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Miranda: I want to do NOTHING. Meow.

Lately I find myself staring wistfully at my cats. Sasha, curled up in her bed atop my desk, basking in the warmth of my desk lamp for hours on end. Mimi, stretched out on the back of the sofa, staring out the window at everything and nothing. They eat, they sleep, they wash, they run around a little bit, ask for affection when they want it,  and make their own fun — knocking over my water glass, eating Spanish moss out of the houseplants, chasing a long-lost chess pawn across the dining room floor. Sasha loves water; she bathes in the kitchen sink while we’re doing dishes and keeps the kids company in the bathroom during bath time. Then she goes off to find yet another cozy spot to take a snooze.

It’s a nice life.

Not that I would trade for a cat’s life permanently, but gee, a day or two would be awfully nice, wouldn’t it?

One sign that my stress level is getting way too high: I become resentful of my cats’ unencumbered lifestyles. My resentment is a helpful stress gauge because really, the insomnia, heart palpitations, and facial twitches aren’t clear enough indicators. Even though I’ve made recent progress editing my to-do list and scope in an attempt to focus on what really matters, each day is still about 10 hours too short. I used to think that I could just sleep less and steal “extra” hours while everyone else was tucked up in bed, but chronically working into the wee hours comes with a price — a price that I don’t want to keep paying. I’ve found that migraines and other health issues become frequent occurrences when I don’t get at least 7 hours of sleep a night. I can feel myself aging. So I decided that sleep simply must become more of a priority. In the past few weeks since I started going to be earlier, I’m more clear-headed and healthier (although not, ironically, that much less tired).

Aside from the freedom to sleep at will, what I admire about the life of a cat is the license to do nothing. Dogs aren’t like that. Sure, dogs sleep a lot (at least mine does — she’s a Newfoundland), but dogs have more of an agenda than cats do. Dogs work. Dogs feel obliged to do this or that — greet you when you come home (even if that means waking from a deep sleep and rising from a warm bed), bark when the doorbell rings, try to eat the mailman — whatever. Cats may or may not try to eat the mailman, but you can be sure that it won’t happen on cue. A cat will only try to eat the mailman if she feels like it. No robotic force of habit at work. No slavish worship to “shoulds.” Because as we all know, dogs want to please their owners, and cats don’t give a damn.

Being agenda-free does have its appeal. Oh, to have nothing to do! The prospect is dazzling. The more I feel overwhelmed by my to-do list, the more that curling into a ball on a patch of sunny carpet — utterly without guilt or angst — seems like the obvious, appropriate response to any situation.

While I realize that I’ll never have the feline’s ability to simply suit myself — everyone else (husband and five kids) be damned — there are lessons to be learned from the cat. Doing nothing is a good thing, at least in small quantities. And I don’t mean vegging out; I mean studiously doing nothing and letting magic unfold where it might. No agenda. No shoulds.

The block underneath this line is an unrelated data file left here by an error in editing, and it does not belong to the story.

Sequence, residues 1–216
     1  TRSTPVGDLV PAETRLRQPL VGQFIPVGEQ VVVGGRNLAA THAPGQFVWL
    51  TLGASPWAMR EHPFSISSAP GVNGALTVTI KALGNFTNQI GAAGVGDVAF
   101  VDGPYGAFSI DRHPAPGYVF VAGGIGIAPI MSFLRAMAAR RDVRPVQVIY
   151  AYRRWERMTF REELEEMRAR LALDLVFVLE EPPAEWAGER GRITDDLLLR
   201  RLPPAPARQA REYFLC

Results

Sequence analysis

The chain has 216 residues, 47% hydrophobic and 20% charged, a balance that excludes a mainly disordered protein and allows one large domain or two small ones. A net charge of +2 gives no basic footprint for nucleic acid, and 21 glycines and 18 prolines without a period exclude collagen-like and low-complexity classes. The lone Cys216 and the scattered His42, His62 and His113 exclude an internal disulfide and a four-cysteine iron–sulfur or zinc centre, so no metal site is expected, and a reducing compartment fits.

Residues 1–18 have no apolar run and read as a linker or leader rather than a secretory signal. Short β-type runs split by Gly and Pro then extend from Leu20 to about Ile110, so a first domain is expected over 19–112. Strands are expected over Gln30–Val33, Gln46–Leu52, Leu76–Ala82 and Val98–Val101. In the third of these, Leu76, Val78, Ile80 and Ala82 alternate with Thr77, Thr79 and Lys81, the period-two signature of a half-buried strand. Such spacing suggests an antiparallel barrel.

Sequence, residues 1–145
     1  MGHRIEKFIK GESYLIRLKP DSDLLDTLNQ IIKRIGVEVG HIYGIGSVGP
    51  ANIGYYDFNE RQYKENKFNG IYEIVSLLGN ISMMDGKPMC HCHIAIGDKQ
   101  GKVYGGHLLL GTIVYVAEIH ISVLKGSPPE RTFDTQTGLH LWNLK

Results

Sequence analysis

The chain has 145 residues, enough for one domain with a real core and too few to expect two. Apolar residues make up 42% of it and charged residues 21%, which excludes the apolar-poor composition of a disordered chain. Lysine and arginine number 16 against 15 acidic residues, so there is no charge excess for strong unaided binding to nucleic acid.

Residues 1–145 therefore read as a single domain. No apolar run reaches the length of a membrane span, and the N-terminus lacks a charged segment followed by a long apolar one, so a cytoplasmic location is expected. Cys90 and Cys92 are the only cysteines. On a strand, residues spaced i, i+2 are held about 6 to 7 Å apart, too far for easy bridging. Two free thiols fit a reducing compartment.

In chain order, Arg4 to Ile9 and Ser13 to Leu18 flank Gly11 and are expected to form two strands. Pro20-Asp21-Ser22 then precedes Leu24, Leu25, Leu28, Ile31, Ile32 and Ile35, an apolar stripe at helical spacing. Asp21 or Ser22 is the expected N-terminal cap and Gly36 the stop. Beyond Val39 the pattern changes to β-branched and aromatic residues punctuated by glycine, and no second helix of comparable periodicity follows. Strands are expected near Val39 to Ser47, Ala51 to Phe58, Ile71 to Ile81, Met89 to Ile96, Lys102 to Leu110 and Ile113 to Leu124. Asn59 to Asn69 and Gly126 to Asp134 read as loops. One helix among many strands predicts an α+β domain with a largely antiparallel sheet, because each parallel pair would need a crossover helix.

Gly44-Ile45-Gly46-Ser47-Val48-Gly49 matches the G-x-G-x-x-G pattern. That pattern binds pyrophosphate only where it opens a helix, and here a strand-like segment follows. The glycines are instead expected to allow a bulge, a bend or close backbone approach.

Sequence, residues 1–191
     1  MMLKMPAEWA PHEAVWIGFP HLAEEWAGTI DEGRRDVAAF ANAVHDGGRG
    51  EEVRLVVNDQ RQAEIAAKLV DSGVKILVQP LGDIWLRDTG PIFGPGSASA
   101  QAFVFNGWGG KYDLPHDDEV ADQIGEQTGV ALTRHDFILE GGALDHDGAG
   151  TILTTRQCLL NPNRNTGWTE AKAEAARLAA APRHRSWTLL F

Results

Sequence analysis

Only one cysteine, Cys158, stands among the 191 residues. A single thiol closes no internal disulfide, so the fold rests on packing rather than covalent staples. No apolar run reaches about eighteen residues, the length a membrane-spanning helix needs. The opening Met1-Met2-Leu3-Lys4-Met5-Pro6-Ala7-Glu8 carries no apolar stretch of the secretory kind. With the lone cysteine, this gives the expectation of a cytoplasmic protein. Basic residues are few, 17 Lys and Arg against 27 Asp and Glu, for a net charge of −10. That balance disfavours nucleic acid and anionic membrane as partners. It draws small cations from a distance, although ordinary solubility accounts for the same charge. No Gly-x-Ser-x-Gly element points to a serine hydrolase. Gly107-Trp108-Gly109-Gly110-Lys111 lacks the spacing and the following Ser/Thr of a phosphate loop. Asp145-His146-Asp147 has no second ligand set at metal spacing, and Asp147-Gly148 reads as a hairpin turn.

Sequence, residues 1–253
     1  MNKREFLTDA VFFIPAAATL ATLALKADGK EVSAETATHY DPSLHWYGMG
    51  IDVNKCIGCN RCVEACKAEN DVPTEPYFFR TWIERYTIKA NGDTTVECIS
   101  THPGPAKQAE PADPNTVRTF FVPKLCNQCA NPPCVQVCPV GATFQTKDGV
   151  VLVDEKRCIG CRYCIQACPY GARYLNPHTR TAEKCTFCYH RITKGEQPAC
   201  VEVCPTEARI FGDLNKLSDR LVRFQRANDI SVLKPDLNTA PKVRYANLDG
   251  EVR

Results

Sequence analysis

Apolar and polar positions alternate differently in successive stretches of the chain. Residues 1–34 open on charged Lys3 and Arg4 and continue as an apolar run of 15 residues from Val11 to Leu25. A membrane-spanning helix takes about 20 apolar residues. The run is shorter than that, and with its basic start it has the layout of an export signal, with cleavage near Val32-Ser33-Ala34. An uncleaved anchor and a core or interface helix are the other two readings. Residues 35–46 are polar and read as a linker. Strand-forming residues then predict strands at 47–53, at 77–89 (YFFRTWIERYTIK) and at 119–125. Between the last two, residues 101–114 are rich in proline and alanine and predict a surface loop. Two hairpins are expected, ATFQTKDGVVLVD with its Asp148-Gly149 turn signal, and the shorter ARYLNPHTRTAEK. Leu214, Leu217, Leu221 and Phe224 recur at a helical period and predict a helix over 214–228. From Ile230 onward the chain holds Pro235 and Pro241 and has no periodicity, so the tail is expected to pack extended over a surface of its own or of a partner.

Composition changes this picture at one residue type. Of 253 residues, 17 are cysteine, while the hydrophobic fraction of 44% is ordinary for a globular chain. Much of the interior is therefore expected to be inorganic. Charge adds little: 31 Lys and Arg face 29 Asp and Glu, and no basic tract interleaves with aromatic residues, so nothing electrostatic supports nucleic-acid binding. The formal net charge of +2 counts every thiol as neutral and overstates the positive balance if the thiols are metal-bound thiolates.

Kids are good at showing us how “doing nothing” can turn into an adventure. On Sunday afternoon I followed my toddler (who is peg-legging around on a full leg cast) into the dining room, where he found a ball hiding under the piano bench. For at least 30 minutes, he entertained himself by climbing onto the piano bench (with a lot of help, as climbing onto a piano bench is life-threatening difficult in a full leg cast) and sitting down, throwing the ball across the room, getting back down, peg-legging over to fetch the ball, bringing it back to the piano bench, and repeating the process, with or without a little piano playing in between. As I sat there, helping him up and down, I took in the afternoon sunlight on the wood floor and realized that I was about as close to doing nothing as I can ever be. No electronics droning the background; just family noises and the scraping and thumping of my toddler’s cast dragging across the floor. OK, so that last part wasn’t so idyllic, but still.

Eventually my son made his way into the hallway and decided to go upstairs to where his brother was playing. We found ourselves loitering on the landing at the top of the staircase. I settled on the top step, serving as barricade. Before we knew it a family game had evolved — my toddler and 5-year-old throwing a small ball, a cloth Spiderman face mask, and a parachute guy off of the balcony down onto my husband, who returned the toys in long aerial passes, trying to avoid the hallway chandelier. The boys thought this was hysterical, especially when my husband missed and the ball or parachute guy ricocheted off the balusters. Good clean fun, which never seems to grow tiresome. (Well, my husband’s arm got a little tired after half an hour, but the boys were still enamored.)

On a Sunday afternoon, passing an hour or two doing almost nothing feels awfully nice. I try not to think of the frightening to-do list that looms over my head like a tidal wave. The work, the book (the one I’m writing), the house, the book (the other one I’m writing), the laundry, the book (the one I need to finish reading for book group), the impatient client, the empty fridge. The wave will always be there — but will never actually crash down on my head. (At least that’s what I tell myself as I try to live in the moment.) The moments of that Sunday afternoon, however, are fleeting. Doing “nothing” makes for memories that have long lives and crystalline edges.

Of course, I’m not the only person who thinks that doing nothing is good for you. Doing nothing is by extension part of the slow parenting movement (and the slow movement in general). The brain needs to be left to its own devices on occasion in order to stimulate creativity (and, I would add, well-being). By doing nothing, it turns out, you often end up “doing” wonderful things without even realizing it — because your focus was entirely on the moment and evolved into enjoying a process, rather than being focused on the outcome. (This is also why I’m a big fan of Montessori education. It’s all about the process rather than appending meaningless rewards to performance. The process itself is the reward.)

Phew. That’s way too much thinking for someone who was trying to do nothing. Now, about that nap….

13 Comments Post a comment
  1. I love this post, Miranda. I agree – the process is *way* more important.